This Kahn can be yours.
As featured in our September catalog, this stunning house by Louis Kahn is currently for sale.
Architect Louis Kahn believed there should always be a beam of light in the house, and in the home he designed for Margaret Esherick this mantra is indeed true. The light is what current owner Lynn Gallagher likes best. “You can’t be depressed in this house,” she says. “It’s truly uplifting.”
In 1959, bookstore owner Margaret Esherick commissioned Kahn to design a house for her in the Philadelphia neighborhood of Chestnut Hill. It was completed two years later and sadly Esherick lived in it for only a few months before dying of pneumonia at the age of 43.
The home features a kitchen sculpted out of copper and wood by Margaret’s uncle, the acclaimed artist and craftsman Wharton Esherick. From there you walk into a space – Kahn didn’t use the word “room” – that’s suitable for a variety of uses. “We used it as a dining room, but if I moved in today I’d make it a den,” says Gallagher.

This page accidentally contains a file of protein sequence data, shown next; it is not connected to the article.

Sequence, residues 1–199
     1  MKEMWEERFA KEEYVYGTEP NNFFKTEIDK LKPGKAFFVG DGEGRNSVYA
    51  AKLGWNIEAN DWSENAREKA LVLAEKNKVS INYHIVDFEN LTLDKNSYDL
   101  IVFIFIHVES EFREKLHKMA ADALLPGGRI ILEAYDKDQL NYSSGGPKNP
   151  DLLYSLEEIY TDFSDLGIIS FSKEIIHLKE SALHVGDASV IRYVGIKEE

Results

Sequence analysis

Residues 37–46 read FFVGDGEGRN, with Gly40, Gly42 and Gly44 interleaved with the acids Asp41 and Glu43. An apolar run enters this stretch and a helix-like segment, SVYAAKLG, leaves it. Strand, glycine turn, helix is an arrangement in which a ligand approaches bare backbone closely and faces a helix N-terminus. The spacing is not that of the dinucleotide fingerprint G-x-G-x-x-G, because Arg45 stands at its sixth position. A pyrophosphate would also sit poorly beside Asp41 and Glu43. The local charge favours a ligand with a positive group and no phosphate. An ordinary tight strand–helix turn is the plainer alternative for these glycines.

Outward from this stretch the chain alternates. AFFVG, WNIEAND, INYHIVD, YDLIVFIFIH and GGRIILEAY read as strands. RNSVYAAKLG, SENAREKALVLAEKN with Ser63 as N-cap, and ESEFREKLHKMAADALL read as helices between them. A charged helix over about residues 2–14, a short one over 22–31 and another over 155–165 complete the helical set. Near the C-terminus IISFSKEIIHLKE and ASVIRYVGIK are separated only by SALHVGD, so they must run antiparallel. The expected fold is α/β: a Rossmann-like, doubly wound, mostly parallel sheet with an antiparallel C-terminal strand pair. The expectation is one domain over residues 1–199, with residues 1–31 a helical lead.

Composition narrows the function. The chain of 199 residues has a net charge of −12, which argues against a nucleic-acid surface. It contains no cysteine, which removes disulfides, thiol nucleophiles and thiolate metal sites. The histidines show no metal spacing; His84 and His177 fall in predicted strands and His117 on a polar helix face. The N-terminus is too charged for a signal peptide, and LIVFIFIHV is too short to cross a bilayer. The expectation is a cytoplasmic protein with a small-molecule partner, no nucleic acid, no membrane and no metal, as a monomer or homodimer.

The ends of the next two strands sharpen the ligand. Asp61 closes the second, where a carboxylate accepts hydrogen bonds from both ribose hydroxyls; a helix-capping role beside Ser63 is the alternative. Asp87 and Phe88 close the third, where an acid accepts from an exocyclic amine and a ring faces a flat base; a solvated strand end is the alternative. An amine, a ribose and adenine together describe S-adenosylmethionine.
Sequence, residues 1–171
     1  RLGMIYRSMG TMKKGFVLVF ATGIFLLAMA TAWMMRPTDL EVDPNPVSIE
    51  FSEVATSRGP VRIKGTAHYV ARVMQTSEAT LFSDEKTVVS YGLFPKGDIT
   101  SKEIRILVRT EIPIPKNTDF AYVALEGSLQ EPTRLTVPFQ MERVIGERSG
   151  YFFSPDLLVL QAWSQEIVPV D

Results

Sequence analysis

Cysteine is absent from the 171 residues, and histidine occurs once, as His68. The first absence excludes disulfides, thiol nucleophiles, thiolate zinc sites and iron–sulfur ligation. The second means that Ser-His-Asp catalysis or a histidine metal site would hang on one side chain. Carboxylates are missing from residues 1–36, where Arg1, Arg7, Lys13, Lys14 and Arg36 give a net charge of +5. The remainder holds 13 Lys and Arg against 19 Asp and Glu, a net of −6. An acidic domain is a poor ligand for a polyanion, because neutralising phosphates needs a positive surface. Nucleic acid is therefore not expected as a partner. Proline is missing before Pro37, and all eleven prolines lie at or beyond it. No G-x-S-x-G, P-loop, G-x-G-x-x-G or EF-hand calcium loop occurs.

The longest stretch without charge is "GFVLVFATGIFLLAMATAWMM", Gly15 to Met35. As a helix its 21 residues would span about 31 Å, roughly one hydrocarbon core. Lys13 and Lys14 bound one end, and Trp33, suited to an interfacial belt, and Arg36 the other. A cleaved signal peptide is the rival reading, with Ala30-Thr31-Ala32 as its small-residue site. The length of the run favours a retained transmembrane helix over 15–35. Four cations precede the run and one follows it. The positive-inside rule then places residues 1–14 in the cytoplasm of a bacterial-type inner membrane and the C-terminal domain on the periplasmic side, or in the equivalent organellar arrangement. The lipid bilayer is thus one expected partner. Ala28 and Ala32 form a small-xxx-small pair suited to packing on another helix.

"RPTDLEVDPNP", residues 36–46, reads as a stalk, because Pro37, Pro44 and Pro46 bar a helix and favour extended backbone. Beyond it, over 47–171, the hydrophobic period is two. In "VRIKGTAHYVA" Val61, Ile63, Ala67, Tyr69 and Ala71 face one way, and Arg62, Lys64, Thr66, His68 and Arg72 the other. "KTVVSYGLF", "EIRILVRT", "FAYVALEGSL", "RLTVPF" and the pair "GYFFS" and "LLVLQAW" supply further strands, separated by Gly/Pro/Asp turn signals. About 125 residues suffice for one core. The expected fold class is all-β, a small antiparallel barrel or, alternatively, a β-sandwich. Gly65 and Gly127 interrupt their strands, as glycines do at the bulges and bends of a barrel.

Through a doorway is a two-story living room with floor-to-ceiling shelves to please Kahn’s book-loving client. Opposite the bookcases is a wall of windows, flooding the entire house, even upstairs, with light that shapes the space with the drama of the changing seasons. “The bedroom wants to be a little house by itself,” said Kahn and that is definitely the case here. A peaceful suite, it includes a large bedroom, a bathroom with fireplace and a walk-in closet that confirms Esherick’s fondness for clothes and shoes.
When inside, the placement of the windows is truly exceptional; this is why Kahn was known as a master of context. Each facade is different and specifically designed to provide privacy while also maximizing views, natural lighting and ventilation. At some point central air was installed, making Kahn’s system for cross breezes and shuttered sun protection obsolete, but perhaps the new owners will live off the grid for a bit and give the Kahn lifestyle a try.
If nothing else, I hope they are readers and lovers of good books. Margaret Esherick would’ve liked that.
The house is listed for $1.1 million with Prudential Fox and Roach.